Pot-Using Drivers Still Impaired After the High Fades
Compared to nonusers, heavy marijuana users had worse driving performance during the test. For example, they hit more simulated pedestrians, went over the speed limit more often, made fewer stops at red lights, and crossed the center line more often.
Chemicals in Tap Water Linked to Bladder Cancer
Up to 5% of bladder cancer cases in Europe could be due to exposure to disinfectants in drinking water, say researchers, who calculate that lowering levels could almost halve that number.
Three Simple Things to Improve Cancer Care
A breast cancer surgeon developed breast cancer — and a vision of what patients need from clinicians.
Novel Molecule Opens Door to Wider Use of Cord Blood HSCT
One of the drawbacks of the use of umbilical cord blood as a source of stem cells is low volume, but a new molecule expands the cells and enhances engraftment.
Can This Parasite That Makes Mice Unafraid Of Cats Stop Other Fears Too?
According to a new study, a parasite usually found in cats that can eliminate mice’s fear of felines can hijack their brain in such fatal way that it can stop their other fears and even make them reckless in all sorts of scenarios.
Are Your Patients Taking CBD?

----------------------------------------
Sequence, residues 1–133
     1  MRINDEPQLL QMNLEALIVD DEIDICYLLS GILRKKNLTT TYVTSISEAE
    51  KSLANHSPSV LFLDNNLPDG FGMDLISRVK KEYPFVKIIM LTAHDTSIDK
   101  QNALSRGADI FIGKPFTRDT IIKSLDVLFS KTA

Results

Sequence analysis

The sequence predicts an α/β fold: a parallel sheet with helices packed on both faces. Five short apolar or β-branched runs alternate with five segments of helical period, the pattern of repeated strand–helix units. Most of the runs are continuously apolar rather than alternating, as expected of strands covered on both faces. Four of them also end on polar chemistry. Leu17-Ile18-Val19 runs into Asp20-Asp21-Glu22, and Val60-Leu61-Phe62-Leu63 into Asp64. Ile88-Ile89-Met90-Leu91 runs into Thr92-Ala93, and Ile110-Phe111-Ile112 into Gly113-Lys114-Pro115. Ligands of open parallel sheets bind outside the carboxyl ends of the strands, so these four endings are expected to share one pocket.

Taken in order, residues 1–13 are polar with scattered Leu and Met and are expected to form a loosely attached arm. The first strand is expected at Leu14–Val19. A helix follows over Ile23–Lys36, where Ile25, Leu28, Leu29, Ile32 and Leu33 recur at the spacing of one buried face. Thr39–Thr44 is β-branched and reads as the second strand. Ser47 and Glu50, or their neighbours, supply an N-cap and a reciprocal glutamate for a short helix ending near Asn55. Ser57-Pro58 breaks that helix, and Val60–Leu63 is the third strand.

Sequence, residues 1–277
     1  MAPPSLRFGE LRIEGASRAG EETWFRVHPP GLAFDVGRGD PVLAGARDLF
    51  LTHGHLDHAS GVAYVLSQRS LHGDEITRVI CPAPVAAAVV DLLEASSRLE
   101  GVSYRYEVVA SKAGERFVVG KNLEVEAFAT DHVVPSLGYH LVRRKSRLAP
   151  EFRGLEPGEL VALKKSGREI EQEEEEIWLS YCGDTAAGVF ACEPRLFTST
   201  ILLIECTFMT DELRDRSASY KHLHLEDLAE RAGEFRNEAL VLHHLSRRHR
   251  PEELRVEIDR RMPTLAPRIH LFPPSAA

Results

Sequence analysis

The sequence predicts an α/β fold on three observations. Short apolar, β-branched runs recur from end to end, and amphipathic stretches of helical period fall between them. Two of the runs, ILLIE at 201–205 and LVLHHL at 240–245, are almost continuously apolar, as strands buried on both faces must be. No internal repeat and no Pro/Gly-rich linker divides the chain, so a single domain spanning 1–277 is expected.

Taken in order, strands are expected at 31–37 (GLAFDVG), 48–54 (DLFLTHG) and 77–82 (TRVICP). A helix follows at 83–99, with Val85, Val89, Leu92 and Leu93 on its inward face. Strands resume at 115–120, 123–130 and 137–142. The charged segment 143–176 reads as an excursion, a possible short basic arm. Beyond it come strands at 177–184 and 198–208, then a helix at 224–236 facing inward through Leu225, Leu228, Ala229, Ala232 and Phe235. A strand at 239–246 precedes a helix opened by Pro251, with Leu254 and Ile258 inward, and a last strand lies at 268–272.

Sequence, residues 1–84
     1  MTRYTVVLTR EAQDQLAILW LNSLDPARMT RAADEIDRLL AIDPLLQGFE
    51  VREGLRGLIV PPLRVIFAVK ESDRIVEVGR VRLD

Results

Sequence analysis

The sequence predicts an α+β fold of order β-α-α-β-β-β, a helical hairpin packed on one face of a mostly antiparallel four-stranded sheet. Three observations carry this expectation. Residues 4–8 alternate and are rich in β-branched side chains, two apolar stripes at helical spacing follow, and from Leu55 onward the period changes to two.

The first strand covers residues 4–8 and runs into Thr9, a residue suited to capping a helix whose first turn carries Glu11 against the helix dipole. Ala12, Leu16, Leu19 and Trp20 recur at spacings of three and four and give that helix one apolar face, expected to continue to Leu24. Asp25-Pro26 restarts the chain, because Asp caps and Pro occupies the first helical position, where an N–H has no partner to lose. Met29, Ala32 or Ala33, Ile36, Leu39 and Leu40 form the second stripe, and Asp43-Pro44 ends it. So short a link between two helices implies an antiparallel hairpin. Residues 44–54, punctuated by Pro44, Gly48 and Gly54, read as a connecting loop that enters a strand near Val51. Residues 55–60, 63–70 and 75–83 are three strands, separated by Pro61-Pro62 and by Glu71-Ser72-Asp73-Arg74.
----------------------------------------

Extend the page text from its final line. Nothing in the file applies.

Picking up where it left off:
There is not much science-based information physicians can offer patients about cannabidiol (CBD), but many may be interested in trying it.
Medscape Reader Polls
Is AI Advanced Enough To Do Science?
The last few decades have been great for artificial intelligence and machine-learning technology, advancing leaps and bounds and revolutionizing various sectors of society. But can they beat scientists at science?
Why North Carolina Has A Very High STD Rate
Cases of STD in North Carolina are rising and poverty is partly to blame.
Delaware Court Reinstates Sanctions Against Pain Doctor
Delaware’s Supreme Court has affirmed a medical licensing board’s decision to discipline a doctor for misconduct regarding use of opioid painkillers to treat a patient with heroin addiction.
BlackRock, World's Largest Asset Manager, Turns To Green Investments
BlackRock is making sustainability and green investments its "new standard for investing."
Burnout Could Be Deadly For The Heart
The top workplace causes of burnout are unfair treatment at work, unmanageable workloads and unreasonable time pressure.
New Research Reveals Tardigrades May Have A Weakness
Tardigrades are known for being one of the toughest animals on Earth but can they survive global warming? Find out.
How Premature Claims Of Life On Mars Hurt Science
Last year, there have been numerous premature claims of life on Mars. But can this actually hurt science in general?
Researchers Use Notre Dame's Fire To Study Its Past
Last year, the Notre Dame cathedral got massively damaged because of a fire. Now, researchers are using the opportunity to study the church's past and secrets.
source : webmd; medicaldaily; medscape